Winning the War against Childhood Cancer
Children shouldn’t experience cancer. The disease should be left to those who’ve spent a few more years on this earth.
Back to Hospital after Stem Cell Transplant
Stem cell transplants can – and do – save the lives of very sick kids. New research has discovered that the transplant is often just the start of hospital stays for these young patients.
Completely New Way to Treat Childhood Cancer
Scientists have entered a brave new world when it comes to treating childhood leukemia. New therapies now being tested may completely change the way one type of blood cancer is treated in children.
Pfizer’s BOSULIF Receives Conditional Marketing Authorization From The European Commission
Pfizer Inc. announced today that the European Commission (EC) has granted conditional marketing authorization for BOSULIF ® (bosutinib) in the European Union (EU) for the treatment of adult patients with chronic phase (CP), accelerated phase (AP) and blast phase (BP) Philadelphia chromosome positive chronic myelogenous leukemia (Ph+ CML) previously treated with one or more tyrosine kinase inhibitor(s) (TKIs) and for whom imatinib, nilotinib and dasatinib are not considered appropriate treatment options.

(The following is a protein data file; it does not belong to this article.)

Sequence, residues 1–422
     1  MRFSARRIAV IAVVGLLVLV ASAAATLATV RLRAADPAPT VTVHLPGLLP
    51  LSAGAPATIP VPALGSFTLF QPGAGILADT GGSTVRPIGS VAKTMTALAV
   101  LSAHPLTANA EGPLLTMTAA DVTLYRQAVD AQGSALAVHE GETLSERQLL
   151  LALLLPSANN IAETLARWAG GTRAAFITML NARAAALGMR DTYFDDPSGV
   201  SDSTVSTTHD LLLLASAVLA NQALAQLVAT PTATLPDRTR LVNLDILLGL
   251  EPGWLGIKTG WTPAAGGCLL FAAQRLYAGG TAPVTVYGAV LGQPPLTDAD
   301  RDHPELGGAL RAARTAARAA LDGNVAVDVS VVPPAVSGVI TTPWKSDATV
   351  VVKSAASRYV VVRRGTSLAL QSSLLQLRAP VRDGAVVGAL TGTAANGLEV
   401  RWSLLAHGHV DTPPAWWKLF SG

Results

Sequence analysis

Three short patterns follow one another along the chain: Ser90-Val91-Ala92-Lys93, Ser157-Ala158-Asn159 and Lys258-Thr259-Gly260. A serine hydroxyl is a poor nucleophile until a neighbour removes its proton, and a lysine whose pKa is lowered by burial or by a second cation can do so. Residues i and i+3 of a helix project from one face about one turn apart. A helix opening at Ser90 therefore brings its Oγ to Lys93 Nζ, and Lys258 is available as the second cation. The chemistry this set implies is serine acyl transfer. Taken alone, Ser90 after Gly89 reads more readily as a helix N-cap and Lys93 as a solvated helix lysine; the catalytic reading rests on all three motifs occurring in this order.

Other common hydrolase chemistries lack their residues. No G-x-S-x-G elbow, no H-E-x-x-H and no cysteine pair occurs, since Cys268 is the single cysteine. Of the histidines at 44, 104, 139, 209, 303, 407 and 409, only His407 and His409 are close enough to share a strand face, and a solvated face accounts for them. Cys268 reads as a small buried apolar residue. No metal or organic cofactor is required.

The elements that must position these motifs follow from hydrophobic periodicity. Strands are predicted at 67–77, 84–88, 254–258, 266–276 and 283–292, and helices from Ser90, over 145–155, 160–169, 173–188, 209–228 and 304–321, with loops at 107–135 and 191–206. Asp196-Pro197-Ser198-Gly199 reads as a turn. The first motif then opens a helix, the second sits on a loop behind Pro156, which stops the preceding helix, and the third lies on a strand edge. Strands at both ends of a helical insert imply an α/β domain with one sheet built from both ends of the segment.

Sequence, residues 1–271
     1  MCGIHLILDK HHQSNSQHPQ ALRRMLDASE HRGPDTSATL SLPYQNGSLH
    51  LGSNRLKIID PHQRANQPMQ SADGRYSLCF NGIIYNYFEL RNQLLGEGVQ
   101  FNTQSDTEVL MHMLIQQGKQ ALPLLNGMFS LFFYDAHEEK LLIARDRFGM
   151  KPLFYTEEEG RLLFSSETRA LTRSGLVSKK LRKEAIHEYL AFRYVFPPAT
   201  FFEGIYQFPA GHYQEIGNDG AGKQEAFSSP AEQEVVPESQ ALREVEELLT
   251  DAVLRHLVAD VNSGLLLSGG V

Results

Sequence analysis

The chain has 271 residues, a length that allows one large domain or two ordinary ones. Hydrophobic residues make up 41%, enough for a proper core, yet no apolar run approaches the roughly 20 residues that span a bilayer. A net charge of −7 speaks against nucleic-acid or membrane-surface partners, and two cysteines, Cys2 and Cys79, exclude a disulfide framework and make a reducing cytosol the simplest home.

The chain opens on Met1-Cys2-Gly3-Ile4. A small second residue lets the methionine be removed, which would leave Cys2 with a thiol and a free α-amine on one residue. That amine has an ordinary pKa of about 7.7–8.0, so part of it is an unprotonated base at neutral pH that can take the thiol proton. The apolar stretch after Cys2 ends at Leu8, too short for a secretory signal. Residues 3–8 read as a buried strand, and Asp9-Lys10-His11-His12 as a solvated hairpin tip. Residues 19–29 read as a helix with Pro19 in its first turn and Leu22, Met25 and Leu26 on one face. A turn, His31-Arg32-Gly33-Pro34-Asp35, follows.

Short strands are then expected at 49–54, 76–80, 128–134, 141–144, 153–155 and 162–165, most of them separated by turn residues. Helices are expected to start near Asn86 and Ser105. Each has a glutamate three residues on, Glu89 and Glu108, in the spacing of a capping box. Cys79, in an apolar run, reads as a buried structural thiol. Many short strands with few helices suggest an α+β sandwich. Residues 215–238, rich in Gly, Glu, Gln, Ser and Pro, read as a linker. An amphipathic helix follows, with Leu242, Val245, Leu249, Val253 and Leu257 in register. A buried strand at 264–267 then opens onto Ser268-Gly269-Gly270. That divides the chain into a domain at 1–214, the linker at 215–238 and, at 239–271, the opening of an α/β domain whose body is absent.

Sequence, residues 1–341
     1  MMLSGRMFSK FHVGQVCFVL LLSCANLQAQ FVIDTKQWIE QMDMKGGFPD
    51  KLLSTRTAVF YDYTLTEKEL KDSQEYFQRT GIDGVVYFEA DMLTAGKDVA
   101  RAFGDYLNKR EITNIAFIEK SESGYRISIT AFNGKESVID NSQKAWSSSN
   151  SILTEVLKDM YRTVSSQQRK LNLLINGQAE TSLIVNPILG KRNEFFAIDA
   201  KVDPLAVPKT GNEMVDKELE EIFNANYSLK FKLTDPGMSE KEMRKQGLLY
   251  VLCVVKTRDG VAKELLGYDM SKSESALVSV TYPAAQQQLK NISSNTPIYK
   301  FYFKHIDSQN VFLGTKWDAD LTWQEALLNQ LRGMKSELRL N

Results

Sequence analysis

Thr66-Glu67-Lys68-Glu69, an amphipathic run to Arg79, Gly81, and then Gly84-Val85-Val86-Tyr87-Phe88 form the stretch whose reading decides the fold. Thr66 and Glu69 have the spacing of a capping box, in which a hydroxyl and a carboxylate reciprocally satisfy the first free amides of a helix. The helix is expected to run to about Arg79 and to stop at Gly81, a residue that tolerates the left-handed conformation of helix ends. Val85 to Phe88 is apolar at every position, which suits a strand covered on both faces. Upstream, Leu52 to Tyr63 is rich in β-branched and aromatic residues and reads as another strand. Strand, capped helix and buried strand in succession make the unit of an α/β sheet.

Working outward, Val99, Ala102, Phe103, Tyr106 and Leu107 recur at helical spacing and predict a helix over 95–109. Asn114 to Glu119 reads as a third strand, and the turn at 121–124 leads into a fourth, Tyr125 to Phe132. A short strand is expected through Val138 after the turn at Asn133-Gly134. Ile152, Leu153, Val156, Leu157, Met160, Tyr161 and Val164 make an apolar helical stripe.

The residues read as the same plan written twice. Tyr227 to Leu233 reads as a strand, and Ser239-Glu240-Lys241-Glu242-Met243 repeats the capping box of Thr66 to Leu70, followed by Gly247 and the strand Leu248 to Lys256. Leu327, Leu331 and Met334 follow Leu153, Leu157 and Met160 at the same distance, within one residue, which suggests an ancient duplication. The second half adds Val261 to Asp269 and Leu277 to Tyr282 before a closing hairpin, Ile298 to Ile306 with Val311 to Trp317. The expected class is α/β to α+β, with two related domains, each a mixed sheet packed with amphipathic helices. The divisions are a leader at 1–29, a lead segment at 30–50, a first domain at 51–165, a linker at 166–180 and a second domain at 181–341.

Personalizing Blood Cancer Treatment
Huge advances have been made in the understanding of multiple myeloma. There are a variety of approaches for treating this blood cancer. The trick is to provide what’s best for the individual patient.
No Need to Fear Lupus Medications
Fear that the treatment for one condition might cause another condition, like cancer, could prevent people from taking needed medications. But should this be a concern for lupus patients?
Battling Fatigue Decades Later
Being tired after any type of cancer therapy is to be expected. Some survivors of childhood cancer, though, can still be battling fatigue many years later.
Closing in On Why Kids Get Cancer
With some forms of cancer, race matters. New research may explain why Hispanic children are more prone to a type of blood cancer.
Closing In on a Cure
Someone diagnosed with any type of leukemia in the early 1960s had about a 14 percent chance of being alive five years later. Today, those chances are vastly greater.
Experimental Treatment May Extend Leukemia Survival
One of the challenges of leukemia is that it likes to return. Once the blood cancer comes back, it’s more difficult to treat and beat. Medical scientists are experimenting with a way to boost the body’s immune system to get in on the fight and win.